What do we mean by “feedback”? Is it useful? Is it (like revenge) better served cold? And what has this to do with Bjork’s new theory of disuse?
This is the first of a series of (what were supposed to be short) follow-up posts, responding to significant comments made by readers of my longer article Curriculum Matters. In this, the first, I discuss what we mean by feedback, is it more effective when it is immediate or when it is delayed, how does this question relate to Robert Bjork’s new theory of disuse, and how should teachers make sense of the complex (and often uncertain) theory on how the brain works? 11,000 words.
Systematic pedagogy is not defeated by the complexity of the classroom: it is the solution
In my previous post, Pedagogical romanticism, the ninth in my series on educational purpose, I proposed that our current model of education provision, which relies heavily on the intuition of autonomous teachers, was failing to manage the scale of modern education. But the alternative to the intuition of the human teacher is some sort of systematic pedagogy, which is commonly thought to be defeated by the complexity and unpredictability of the classroom. In this part I respond.
As well as debunking numerous teaching myths, Tom Bennett’s book Teacher Proof reasserts the common view that teaching is a sort of private craft. I disagree.
I was not able to attend ResearchEd2013 back in September 2013; but ever since then I have been meaning (and not finding the time) to comment on the outcomes of the conference, which were conscientiously videoed and posted to the web by Leon Cych. The conference was organised by Tom Bennett to highlight the importance of (and problems with) current research in education. This was a few months after he had himself published Teacher Proof, mentioned in my earlier post, Why teachers don’t know best.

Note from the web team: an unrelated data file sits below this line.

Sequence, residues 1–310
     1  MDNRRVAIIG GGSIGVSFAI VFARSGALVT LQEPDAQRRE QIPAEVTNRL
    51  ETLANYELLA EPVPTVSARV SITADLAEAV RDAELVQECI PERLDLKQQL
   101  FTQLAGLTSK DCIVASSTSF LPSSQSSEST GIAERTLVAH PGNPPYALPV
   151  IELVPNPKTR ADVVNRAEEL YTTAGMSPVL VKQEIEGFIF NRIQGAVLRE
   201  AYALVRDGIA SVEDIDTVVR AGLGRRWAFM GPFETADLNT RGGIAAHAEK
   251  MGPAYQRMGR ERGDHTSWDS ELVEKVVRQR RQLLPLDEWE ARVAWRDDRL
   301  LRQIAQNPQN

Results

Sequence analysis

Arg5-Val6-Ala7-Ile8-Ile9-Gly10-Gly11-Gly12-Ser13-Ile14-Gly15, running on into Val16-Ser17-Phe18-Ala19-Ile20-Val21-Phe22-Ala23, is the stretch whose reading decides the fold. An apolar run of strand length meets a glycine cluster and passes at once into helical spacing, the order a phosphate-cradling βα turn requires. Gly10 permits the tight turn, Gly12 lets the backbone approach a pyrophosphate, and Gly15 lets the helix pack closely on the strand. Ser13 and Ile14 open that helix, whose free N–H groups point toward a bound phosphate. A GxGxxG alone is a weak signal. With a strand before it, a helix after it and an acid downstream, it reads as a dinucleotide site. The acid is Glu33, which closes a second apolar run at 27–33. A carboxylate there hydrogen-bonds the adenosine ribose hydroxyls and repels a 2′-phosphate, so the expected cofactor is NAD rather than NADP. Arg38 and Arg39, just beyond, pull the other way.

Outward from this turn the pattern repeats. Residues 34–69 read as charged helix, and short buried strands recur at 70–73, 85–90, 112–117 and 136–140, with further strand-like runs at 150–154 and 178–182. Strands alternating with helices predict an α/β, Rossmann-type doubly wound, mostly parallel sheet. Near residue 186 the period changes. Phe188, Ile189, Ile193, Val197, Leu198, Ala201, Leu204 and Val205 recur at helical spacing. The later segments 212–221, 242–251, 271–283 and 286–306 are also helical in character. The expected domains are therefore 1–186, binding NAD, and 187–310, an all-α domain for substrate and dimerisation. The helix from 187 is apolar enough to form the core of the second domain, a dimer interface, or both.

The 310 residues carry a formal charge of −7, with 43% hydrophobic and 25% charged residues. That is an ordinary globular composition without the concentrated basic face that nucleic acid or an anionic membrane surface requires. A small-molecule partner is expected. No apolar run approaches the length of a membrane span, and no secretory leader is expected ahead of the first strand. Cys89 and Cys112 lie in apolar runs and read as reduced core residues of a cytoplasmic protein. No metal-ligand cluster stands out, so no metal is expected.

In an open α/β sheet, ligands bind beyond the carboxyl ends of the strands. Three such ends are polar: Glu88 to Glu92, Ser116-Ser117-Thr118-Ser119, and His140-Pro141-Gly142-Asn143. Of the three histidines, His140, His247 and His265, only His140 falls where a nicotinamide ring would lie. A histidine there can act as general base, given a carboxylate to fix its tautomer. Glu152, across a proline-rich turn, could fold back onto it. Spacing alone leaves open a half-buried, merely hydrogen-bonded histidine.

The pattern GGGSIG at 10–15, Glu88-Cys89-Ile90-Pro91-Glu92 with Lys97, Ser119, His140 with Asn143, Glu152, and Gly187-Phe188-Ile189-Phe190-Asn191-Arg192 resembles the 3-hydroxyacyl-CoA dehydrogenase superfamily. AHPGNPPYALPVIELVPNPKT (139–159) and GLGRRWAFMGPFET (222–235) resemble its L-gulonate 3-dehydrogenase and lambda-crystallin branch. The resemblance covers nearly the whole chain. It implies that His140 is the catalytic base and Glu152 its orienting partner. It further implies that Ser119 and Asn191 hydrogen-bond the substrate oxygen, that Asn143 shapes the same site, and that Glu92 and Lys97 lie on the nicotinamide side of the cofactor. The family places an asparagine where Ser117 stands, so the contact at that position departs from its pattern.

It struck me that while the attack on quack theories was sound, the conclusions reached in Teacher Proof about the nature of the expertise of teachers were not well justified. Indeed, they seemed to me to be bizarrely at odds with the advertised prospectus of the Research Ed conference.
Just as Gutenberg’s printing press provided the means by which the intellectual culture of Europe was transformed, so ed-tech will provide the means to transform our understanding of pedagogy.
This article was originally published (a couple of days ago) as “The View from Here” in the first edition of Terry Freedman’s re-launched newsletter, Digital Education, to which you can subscribe here. It provides a relatively short summary of the position I have outlined in this blog, arguing for a new approach to education technology that focuses on formalising and systematising the transactions and processes involved in education, rather than chasing after chimera like independent learning and twenty-first century skills.Continue reading →
The consensus is that we should not mind the technology but that we should focus instead on the learning. The consensus is wrong.
This is the transcript of a presentation I gave at the EdExec conference, held by ICT Matters in London on 6 November 2013. The ostensible argument in my talk is that “procurement matters”, which I will admit, probably isn’t going to set your heart racing. But perhaps it should. The reason why procurement matters is that technology matters – and this is a point that much of the ICT community do not generally admit. Time and again, you hear the old saw being repeated, “never mind the technology, where’s the learning?” Most of my talk addressed addressed this point—and in doing so, I take on (as is my wont in this blog) a lot of shibboleths. I summarise some arguments with which those of you who have read previous posts may be familiar, and I also shadow some arguments that I will develop in greater detail in future. And I return to a promise that I made in my first post to this blog in January 2012, which is to discuss in rather more depth than I have done before why Becta’s approach to procurement was so lamentable.Continue reading →